• Become the objective observer. When something is too close, we can’t see all of its dimensions. By mentally stepping back and looking at the situation, we can be more conscious and objective. Then we make better choices.
  • Become more familiar with the vibration of the intuitive mind. Some of the qualities of the intuitive mind (LargeSelf, Higher Self) are kindness, love, objectivity, and a bigger picture. It’s that feeling that says: “I don’t see me (them) as bad or scary.”
  • Remember to be in your body. When you find yourself believing thoughts that feel icky,  stop, breathe, come into the present moment. From that place, you can slow down the mental chatter and take back your power.
  • Have a conversation with yourself. Yes, it’s okay to do that – we all do. When a negative thought comes blasting in, you can say: “Interesting point of view. Thank you very much. I’ll consider it, but for right now I’m going to do something else.”
  • As you practice all of the above, notice how your thought patterns begin to shift. Over time, you’ll realize that you have replaced scary, negative thoughts with more loving, kind thoughts. After all, believing everything you think is just a habit. Once you start to changing that habit, you’ll be able to build on it.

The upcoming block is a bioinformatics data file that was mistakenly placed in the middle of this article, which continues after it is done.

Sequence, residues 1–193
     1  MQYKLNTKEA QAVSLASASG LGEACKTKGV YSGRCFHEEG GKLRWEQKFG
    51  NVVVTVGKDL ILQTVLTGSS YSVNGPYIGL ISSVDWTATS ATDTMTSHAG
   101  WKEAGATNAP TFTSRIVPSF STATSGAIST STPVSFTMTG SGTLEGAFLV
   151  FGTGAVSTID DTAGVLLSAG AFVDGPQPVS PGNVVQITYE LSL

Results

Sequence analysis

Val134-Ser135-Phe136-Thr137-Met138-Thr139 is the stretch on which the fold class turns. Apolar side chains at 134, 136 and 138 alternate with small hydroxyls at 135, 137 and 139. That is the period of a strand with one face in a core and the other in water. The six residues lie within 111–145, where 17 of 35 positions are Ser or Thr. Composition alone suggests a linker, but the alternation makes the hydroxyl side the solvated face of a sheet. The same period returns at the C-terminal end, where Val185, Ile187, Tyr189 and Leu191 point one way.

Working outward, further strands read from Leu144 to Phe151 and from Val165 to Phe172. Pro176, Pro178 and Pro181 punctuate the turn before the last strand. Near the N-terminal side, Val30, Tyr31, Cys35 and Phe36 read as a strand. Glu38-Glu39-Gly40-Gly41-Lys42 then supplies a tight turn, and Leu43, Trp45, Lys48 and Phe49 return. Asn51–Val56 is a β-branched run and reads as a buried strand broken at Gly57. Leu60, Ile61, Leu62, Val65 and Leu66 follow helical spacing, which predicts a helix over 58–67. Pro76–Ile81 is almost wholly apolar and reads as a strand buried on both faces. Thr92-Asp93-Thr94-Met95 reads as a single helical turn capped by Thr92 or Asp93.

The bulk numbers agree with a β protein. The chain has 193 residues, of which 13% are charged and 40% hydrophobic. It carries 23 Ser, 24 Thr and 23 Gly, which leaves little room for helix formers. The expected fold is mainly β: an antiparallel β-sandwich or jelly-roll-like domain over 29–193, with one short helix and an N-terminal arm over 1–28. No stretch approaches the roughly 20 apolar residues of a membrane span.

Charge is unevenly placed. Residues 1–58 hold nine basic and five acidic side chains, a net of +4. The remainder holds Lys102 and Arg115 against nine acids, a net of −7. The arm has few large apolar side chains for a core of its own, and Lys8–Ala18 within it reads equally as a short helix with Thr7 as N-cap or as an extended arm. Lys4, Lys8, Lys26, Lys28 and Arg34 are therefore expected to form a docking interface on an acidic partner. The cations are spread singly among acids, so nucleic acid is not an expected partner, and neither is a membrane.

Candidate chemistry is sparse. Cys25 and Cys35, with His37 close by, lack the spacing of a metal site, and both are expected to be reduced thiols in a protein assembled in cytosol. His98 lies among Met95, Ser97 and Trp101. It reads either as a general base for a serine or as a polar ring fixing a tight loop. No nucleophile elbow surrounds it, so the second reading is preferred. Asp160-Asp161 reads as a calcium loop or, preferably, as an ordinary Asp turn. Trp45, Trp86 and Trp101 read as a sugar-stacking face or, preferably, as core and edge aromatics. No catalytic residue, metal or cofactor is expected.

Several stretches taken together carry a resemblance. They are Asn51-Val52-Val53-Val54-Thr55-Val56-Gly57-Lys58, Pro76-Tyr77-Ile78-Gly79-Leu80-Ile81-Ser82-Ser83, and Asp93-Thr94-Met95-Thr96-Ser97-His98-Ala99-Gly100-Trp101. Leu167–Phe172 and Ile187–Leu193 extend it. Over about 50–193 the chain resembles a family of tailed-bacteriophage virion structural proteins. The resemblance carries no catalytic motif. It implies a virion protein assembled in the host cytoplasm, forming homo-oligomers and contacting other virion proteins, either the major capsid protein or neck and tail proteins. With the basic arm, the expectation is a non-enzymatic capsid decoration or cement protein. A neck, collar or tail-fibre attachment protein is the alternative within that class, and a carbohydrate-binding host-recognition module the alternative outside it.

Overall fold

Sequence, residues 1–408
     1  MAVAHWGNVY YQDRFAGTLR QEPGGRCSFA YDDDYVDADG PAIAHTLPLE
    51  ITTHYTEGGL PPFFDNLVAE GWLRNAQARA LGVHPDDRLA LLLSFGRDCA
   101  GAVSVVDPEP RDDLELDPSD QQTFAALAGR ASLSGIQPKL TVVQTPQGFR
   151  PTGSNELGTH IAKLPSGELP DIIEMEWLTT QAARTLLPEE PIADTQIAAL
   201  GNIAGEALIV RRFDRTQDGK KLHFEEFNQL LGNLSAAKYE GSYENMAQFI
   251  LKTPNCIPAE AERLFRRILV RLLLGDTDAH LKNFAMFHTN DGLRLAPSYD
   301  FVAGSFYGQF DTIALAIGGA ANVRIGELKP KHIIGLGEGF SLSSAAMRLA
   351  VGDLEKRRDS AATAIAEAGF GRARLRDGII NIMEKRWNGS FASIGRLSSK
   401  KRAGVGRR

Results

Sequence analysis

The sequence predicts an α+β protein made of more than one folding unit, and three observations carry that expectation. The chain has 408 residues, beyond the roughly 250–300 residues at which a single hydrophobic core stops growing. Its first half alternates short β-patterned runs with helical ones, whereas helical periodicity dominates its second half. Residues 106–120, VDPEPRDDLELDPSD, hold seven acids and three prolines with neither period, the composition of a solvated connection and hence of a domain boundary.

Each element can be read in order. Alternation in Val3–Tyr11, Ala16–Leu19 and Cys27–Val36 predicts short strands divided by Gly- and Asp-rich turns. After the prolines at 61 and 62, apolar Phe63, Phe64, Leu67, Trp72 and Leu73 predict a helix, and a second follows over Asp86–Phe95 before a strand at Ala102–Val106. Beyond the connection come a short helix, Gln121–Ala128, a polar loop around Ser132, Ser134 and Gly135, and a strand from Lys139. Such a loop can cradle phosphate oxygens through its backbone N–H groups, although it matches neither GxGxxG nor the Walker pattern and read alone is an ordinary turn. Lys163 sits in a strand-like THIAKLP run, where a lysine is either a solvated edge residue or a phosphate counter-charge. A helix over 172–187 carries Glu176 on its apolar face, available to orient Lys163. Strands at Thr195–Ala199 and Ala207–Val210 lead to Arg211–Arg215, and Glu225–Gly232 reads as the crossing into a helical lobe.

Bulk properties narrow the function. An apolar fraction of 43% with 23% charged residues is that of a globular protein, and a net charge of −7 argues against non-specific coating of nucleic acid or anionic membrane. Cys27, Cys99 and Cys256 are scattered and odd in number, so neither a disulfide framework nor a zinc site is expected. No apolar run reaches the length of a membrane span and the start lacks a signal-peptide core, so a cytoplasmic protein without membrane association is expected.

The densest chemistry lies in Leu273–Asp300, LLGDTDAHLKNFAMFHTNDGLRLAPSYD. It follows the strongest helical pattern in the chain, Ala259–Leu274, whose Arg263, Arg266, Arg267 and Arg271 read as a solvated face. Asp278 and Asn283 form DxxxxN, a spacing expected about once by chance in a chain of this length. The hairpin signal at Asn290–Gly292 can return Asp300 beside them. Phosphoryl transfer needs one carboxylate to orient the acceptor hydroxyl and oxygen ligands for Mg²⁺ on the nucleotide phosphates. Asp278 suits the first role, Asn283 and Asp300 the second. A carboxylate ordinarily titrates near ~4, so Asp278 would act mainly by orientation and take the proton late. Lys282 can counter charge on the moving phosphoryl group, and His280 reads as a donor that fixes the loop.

So remember, your rational mind is a great tool. But it is just that – a tool. And sometimes it can be a tool (grin)!  Use it to do math problems, read, learn information. But don’t believe it. Because it wants you to give it your power. Just say no…



©CathyUlrich and LargeSelf, 2012

Be Where Your Body Is

Last week, during our monthly Energy Healing Course call, Lisa shared her recent experiences with our physical energy healing process. Swallowing back a few tears, she told us of a new awakening. After years of spiritual practice, Lisa suddenly realized last month that she was still mostly fixed in a mental/intellectual pattern of self-judgement. The shift happened when she began focusing more on her body through the physical healing techniques she’s learning in the course.

I teach a kinesthetic approach to intuition and healing, and Lisa related that her new abilities to feel physical sensations brings her more into her body and out of her intellectual mind. Suddenly she realizes that she’s a Divine being in a Divine body. Many of her old perceptions of herself and her life are no long longer important and the physical sensations that she’s experiencing are leading her into new levels of enlightenment.